by thepingofpong


Vector's Second Coming

On Vector’s Second Coming, released in 2012, he tries to corner a section of the market from rappers like MI and Olamide. But he lacks what those two have: an identity- the former is the English speaking intelligent but accessible rapper, while the latter is a dyed-in-the-wool Yoruba rapper with a street cred overflowing its reserves. Nothing has changed on Second Coming– despite his obvious brilliance Vector has a tendency to overcook his rhymes and his identity is still obscure from everyone including, perhaps, himself. He furthers this by rapping in the three major languages in the country, featuring Jamaican singer Mavado and singing frequently. You want to tell him not to try to hard but then most of the songs succeed on their own terms if not within the album.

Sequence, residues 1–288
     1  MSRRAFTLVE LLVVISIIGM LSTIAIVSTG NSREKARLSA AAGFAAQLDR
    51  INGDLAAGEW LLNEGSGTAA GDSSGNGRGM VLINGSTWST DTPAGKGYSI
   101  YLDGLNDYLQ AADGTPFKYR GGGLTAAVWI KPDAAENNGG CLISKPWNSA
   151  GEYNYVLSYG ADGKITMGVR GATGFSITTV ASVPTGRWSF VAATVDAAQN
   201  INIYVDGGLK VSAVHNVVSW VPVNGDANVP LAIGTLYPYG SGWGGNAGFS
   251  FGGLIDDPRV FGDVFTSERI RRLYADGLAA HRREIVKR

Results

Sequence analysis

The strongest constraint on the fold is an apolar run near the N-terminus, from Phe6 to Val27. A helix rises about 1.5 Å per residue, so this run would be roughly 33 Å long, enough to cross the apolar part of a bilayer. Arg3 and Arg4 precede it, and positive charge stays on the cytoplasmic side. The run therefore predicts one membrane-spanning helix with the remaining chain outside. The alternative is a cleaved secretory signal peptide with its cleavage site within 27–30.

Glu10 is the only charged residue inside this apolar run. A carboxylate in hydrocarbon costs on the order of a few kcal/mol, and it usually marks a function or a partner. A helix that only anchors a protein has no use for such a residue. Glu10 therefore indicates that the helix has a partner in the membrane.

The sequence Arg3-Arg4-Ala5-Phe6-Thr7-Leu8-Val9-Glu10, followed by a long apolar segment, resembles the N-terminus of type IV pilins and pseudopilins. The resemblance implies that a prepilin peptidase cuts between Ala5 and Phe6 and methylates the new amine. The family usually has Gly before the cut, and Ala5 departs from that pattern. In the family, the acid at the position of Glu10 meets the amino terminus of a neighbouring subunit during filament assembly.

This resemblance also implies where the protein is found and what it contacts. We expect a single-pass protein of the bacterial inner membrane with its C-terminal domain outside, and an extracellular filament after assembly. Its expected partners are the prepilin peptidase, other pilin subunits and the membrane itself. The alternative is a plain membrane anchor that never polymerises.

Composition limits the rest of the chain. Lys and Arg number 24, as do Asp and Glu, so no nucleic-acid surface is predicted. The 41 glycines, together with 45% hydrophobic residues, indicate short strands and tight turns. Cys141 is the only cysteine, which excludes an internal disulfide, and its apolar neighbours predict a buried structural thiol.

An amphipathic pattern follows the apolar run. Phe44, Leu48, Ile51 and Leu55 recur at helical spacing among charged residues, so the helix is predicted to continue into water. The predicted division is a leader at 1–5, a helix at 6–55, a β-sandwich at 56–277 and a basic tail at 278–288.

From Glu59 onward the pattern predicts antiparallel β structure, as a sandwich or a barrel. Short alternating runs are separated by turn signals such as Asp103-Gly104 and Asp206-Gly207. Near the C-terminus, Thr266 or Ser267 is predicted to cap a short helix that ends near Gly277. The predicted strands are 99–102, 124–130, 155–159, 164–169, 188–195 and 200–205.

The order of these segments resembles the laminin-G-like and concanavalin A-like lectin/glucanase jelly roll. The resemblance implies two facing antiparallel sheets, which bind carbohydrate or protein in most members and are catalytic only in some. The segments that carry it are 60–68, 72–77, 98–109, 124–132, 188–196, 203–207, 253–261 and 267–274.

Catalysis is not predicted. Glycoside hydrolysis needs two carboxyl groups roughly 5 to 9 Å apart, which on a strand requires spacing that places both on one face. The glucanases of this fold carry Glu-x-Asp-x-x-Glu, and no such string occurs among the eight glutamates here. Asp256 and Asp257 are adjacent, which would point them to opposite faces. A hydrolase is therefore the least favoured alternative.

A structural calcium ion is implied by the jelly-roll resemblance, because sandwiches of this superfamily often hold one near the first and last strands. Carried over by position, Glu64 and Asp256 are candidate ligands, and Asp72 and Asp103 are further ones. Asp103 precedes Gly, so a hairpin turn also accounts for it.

Eventually, overcome by the ambition and prospective reach, as not a lot of artists try to involve northern Nigeria as he does on Munge Sheka, you applaud the album’s successes and forgive the rapper’s own excesses. Plus there is a rousing incantatory Sound Sultan verse on the meditative Hussle that is worth the price of admission; on it, amidst soft notes of a talking drum he says, “When you tell them to sing sing, they prefer to dey miming.”

If Nigerian music dies today, that would be its epitaph.